Hopkinson is champion of the unsung joys of pies, cutlets and proper gravy.

This Friday, a new celebrity chef arrives on the nation's television screens, talking about anchovies and porcini, preparing vegetables, and steeling himself to look into the camera lens. Simon Hopkinson is not like other television chefs. Among a slew of egomaniacal attention-seekers, fuming tyrants, curvy seductresses and gurning charlatans, Hopkinson stands out for, well, not standing out. He is, fellow cooks will tell you, a good egg, a friendly chap who loves talking about food – but he's weirdly camera-shy.

He has described the camera lens as "that terrible black hole". In the photograph on the cover of the television show's tie-in book, The Good Cook, Hopkinson, caught shelling broad beans, won't look at the photographer. Previous attempts to turn him into Gary Rhodes or Raymond Blanc ended in disarray. "A camera crew took me," he says gloomily, "to do something 'in the footsteps of Elizabeth David', in an Englishwoman's house in France. But it wasn't well organised, and when they pointed that thing at me, I just couldn't do it."

The BBC's secret weapon was Ian Blandford, who trained Hopkinson to lose his lensophobia. "He came to my flat, brought a little camera and filmed me, and we both watched it. He said, 'Talk about anything, it doesn't have to be food.' Then I did some cooking, and he filmed that, and very gently he made it OK. It was like a psychotherapy session, with him saying, 'You can do this. It'll be all right. Tell me everything you want to tell me...'" And so Hopkinson learnt the art of glancing at the viewer while also talking and rolling out pastry (without the Nigella pout, the Valentine grin or the Sophie Dahl giggle), helped by the lighting cameraman Richard Hill, who, among other encouragements, stuck a large Post-it note above the lens reading "LOOK AT THE EFFING CAMERA".

Apart from telling people how to make restaurant-quality food at home, the show's main theme, Hopkinson says, is "my CLWs. My 'can't live without' ingredients. There are two per programme, and the production team went everywhere in search of them. Down to Collioure, near Perpignan, to film the preparing of anchovies, then to Parma for Parma ham and Parmesan, to Cornwall for salt and dried porcini..." How had he enjoyed Parma? "Oh, I didn't go," he says, shortly, "I had a book to write."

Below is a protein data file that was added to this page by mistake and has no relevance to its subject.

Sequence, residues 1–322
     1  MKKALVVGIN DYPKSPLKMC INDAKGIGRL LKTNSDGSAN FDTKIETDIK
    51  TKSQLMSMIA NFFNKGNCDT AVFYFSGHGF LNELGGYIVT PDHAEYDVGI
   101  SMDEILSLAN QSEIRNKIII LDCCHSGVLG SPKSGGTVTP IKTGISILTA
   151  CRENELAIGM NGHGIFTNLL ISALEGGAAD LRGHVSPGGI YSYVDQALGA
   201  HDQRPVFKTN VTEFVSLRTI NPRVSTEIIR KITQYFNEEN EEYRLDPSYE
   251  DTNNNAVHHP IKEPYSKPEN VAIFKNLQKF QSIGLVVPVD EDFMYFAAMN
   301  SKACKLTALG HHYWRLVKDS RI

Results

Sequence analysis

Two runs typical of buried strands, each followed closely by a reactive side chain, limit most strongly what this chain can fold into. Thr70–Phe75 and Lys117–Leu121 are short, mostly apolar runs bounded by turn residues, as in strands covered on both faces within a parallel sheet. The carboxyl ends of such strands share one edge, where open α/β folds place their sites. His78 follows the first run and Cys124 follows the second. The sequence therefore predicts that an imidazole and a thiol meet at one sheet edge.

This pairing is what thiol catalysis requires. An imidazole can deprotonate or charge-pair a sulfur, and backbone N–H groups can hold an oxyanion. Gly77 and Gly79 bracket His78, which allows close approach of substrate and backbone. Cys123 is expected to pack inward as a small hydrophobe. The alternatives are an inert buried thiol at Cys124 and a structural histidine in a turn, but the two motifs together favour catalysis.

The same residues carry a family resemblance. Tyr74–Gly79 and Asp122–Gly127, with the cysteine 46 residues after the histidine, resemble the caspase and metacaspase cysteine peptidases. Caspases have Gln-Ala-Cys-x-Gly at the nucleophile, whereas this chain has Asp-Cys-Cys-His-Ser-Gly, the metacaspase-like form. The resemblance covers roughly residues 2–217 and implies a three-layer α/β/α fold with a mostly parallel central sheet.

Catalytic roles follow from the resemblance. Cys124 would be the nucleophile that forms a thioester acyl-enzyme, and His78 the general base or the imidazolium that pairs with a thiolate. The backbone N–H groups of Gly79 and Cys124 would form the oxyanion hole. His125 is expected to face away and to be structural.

He's not terribly bothered, it seems, by how ingredients are made. "I loved watching the old ladies filleting anchovies and applying salt to them," he says, "but I'm only really interested in what I can do with them." His whole career has been about the alchemy of transformation. Born in Bury in 1954, he began cooking in the school holidays and snared his first job at 17, in a French restaurant called La Normandie. He opened his own eating house, The Shed, near Fishguard, just before his 21st birthday. Coming to London in 1983, he made a success of Hilaire in south Kensington, where he cooked for Francis Bacon, Alec Guinness and Dirk Bogarde. He was discovered by Terence Conran, who whisked him to glory at Bibendum in the old Michelin building. London gastronomes beat a path to his door. Young chefs queued to learn from him, among them Philip Howard (later of The Square) Bruce Poole (Chez Bruce) and Jeremy Lee (Blueprint Café). But a stress-induced moment of weepy despair ended his chef career in 1994 and he turned to writing books. Years later, in 2005, his first book, Roast Chicken and other Stories, was chosen by his cookery peers as the most useful cookbook in history.